Cycling: World Masters Day 7

mastersOn the morning of the penultimate day of UCI World Masters Track Championship action at the National Cycling Centre in Manchester, there were five women’s points race gold medals up for grabs.

The five titles were split over just two races with 35-39 and 40-44 categories covered in the first, then 45-49, 50-54 and 55+ covered in the second.

Nicki Kovacs was the dominant force in the opening final and took the gold in the 35-39 category. She won four of the six intermediate sprints and was in a position where she did not need to contest the final sprint.

France’s Christelle Ribault rode an agressive race and won the silver while Madeline Moore claimed the bronze.

In the 40-44 category, New Zealand’s Erin Criglington finished 5th overall in the first final but was the best placed competitor in that category. Adriana Perino of Argentina took the silver medal with Australian Kellie Hards taking the bronze.

There were just 40 laps in the older category, so only four intermediate sprints to contest. With four laps remaining, there was a bad crash at the end of the back straight with several riders hitting the deck. After a long spell of race neutralisation while the track was repaired and riders were treated for their injuries, the race got back under way.

Great Britain’s Janet Birkmyre was the star of the show. She was in the thick of all four of the intermediate sprints after riding an attacking race and finished in style with a speedy final lap. She won three of the four sprints and finished fourth in the other to give her an unassailable tally of 16 points to win the race and her fifth gold medal of the championships in the 45-49.

USA’s Francine Haas won the silver with Great Britain’s Jayne Paine claiming a bronze medal.

Some of the older riders competed superbly against younger counterparts. In the 50-54, Deborah Coulls from Australia finished second overall which gave her a gold medal ahead of Ireland’s Orla Hendron and Myrtle Hagedorn.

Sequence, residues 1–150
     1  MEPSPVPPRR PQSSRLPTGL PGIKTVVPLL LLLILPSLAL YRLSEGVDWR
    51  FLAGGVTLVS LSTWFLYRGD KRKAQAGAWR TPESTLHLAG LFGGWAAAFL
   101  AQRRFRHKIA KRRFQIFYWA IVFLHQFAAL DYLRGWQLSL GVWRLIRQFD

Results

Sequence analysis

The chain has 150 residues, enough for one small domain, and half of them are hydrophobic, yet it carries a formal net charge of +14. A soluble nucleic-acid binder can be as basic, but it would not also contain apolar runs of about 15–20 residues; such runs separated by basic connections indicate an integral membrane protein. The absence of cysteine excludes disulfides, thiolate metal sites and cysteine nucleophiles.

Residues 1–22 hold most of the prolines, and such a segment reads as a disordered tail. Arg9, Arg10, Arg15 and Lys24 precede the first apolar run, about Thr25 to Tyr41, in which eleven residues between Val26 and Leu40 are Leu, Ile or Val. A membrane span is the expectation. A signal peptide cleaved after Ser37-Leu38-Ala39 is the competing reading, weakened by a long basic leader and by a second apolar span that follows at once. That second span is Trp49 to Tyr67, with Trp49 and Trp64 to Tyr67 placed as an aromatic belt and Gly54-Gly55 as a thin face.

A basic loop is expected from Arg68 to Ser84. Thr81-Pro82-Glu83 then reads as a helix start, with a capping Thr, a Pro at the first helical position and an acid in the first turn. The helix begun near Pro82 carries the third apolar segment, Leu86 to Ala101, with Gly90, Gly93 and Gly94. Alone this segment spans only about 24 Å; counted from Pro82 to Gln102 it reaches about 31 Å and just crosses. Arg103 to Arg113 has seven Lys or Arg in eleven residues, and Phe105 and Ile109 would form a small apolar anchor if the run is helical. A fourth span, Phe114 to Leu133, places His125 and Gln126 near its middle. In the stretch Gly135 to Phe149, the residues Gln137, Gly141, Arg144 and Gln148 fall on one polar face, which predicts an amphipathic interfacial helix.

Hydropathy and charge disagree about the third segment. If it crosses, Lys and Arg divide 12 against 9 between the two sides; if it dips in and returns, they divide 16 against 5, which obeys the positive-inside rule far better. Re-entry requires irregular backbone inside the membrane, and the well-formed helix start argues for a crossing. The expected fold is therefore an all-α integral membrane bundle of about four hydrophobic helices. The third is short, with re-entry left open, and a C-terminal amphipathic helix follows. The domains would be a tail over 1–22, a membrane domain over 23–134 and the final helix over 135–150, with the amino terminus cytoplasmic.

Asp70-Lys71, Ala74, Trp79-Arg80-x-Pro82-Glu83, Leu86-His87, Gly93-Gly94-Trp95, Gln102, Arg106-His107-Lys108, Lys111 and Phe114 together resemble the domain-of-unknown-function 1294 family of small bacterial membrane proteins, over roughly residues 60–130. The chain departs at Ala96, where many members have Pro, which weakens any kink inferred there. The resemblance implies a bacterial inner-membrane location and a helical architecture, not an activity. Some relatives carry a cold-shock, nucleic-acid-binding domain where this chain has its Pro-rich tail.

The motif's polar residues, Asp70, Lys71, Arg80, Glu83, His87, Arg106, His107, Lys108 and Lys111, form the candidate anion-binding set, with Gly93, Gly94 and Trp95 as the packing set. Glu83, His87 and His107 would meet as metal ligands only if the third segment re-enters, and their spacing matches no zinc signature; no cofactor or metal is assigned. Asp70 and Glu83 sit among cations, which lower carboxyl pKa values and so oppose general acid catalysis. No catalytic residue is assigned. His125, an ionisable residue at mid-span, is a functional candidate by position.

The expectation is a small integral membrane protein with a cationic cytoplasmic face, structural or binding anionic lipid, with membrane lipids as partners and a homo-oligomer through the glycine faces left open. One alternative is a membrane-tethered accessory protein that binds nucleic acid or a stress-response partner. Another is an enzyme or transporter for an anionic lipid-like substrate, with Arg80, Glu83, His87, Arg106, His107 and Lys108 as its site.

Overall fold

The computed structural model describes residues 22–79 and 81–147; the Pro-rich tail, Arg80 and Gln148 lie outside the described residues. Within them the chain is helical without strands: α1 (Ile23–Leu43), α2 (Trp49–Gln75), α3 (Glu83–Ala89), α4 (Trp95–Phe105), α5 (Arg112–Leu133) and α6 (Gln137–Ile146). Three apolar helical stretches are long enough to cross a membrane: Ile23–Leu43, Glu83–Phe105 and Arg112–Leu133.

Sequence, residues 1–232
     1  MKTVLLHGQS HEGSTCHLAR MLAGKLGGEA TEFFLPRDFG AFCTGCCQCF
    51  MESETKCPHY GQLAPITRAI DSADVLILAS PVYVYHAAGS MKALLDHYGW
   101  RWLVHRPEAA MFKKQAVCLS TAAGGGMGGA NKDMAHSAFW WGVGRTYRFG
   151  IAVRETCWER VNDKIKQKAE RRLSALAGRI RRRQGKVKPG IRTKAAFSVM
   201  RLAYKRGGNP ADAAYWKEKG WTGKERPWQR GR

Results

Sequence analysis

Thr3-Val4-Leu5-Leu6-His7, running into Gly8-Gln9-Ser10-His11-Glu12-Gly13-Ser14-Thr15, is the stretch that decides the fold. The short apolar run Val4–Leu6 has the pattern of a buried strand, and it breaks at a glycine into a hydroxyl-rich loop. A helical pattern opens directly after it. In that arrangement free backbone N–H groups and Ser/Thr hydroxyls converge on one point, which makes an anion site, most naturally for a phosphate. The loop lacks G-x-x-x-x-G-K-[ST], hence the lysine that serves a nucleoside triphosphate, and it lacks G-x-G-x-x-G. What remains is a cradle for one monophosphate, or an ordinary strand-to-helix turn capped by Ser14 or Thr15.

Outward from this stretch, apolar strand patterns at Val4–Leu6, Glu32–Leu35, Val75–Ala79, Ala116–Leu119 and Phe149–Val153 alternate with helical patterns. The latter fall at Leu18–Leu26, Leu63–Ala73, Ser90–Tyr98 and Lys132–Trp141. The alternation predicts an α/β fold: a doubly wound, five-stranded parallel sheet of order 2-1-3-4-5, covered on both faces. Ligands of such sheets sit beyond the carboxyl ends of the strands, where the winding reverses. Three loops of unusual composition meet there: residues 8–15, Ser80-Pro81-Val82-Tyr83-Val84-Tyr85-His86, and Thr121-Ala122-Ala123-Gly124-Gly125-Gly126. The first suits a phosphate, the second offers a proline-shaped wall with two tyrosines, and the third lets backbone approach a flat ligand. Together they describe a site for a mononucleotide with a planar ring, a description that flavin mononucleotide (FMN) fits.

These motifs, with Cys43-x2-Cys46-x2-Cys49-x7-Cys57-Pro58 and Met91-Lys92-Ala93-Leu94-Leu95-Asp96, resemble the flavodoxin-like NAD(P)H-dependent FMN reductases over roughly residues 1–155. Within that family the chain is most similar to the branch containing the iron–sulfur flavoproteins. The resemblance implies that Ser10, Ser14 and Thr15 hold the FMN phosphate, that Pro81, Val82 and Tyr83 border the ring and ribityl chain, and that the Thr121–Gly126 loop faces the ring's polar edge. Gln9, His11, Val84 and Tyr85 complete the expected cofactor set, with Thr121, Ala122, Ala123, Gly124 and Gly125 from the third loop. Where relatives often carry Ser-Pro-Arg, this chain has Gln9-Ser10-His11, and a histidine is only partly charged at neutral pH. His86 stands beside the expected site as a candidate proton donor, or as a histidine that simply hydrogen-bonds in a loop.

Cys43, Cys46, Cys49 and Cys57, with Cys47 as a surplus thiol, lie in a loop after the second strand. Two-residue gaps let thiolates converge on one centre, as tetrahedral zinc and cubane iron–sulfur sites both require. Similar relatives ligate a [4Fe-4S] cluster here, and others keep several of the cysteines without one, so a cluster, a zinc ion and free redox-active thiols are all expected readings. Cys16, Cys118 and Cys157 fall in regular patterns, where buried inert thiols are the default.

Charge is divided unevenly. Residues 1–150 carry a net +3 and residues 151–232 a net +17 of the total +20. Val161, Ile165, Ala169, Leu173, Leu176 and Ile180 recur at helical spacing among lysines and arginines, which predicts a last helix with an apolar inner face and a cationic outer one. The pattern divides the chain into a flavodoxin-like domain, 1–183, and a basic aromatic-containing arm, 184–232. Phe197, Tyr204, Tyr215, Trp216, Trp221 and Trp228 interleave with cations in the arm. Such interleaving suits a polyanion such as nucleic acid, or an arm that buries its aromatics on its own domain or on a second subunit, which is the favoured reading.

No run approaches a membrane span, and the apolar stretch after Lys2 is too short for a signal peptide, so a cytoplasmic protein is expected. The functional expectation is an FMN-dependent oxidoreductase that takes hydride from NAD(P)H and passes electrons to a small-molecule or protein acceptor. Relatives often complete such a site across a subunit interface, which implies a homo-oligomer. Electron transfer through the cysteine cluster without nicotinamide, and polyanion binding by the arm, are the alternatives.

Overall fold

In the 55+, American Elizabeth Heller took the gold medal after a fourth place finish overall. Silver went to Petra Kluender with Christine Higgs winning bronze.

The final day of competition takes place on Saturday (11th October). For more information on the champiosnhips, please visit


Cycling: World Masters Day 5

mastersThere was plenty more excellent action on display on day five of the UCI World Masters Track Championships at the National Cycling Centre in Manchester on Wednesday 8th October 2014.

The women kicked the evening off with the 500m time-trials and there were a host of impressive performances.

In the 35-39, Great Britain’s Madeline Moore was the quickest over the two laps recording an impressive time of 37.013 seconds which gave her the title. Moore was just under eight tenths of a second quicker than silver medalist Carolien van Herrickhuyzen with Australia’s Rebecca Wheadon claiming the bronze medal. Madeline also claims the unofficial title of biggest smile of the day and she gleamed from cheek to cheek on the top step of the podium.

The 40-44 category was very hotly contested. In the penultimate heat, Australia’s Jessica Laws posted a great time of 37.445 seconds to give her the lead with two riders to go. She was relegated into silver medal position after a simply stunning ride by Alison Chisholm who recorded a World Masters best time of 37.048 seconds to take the gold. Her ride was as smooth as silk as she stuck to the inside line of the track and made it look effortless.

Gea Johnson dominated the 45-49 category, but what do you expect from the self-proclaimed ‘one of the greatest female athletes in the world’? The former heptathlete and bobsleigh brakeperson has her sights set on winning a place in the elite USA track cycling team for the 2016 Olympic Games in Rio. Her time of 36.116 seconds for the two laps was impressive but she was pushed hard by equally impressive displays by two British riders in Janet Birkmyre and Julie Cooper who took silver and bronze medals respectively.

And there was a World Masters best time recorded in the 50-54 category by Denmark’s Janni Bormann. The Dane is a multiple champion at this year’s championships and she gave a powerful ride to set a time of 37.946 seconds to finish ahead of Aussie Julie Barnett and Japan’s Emi Wachi.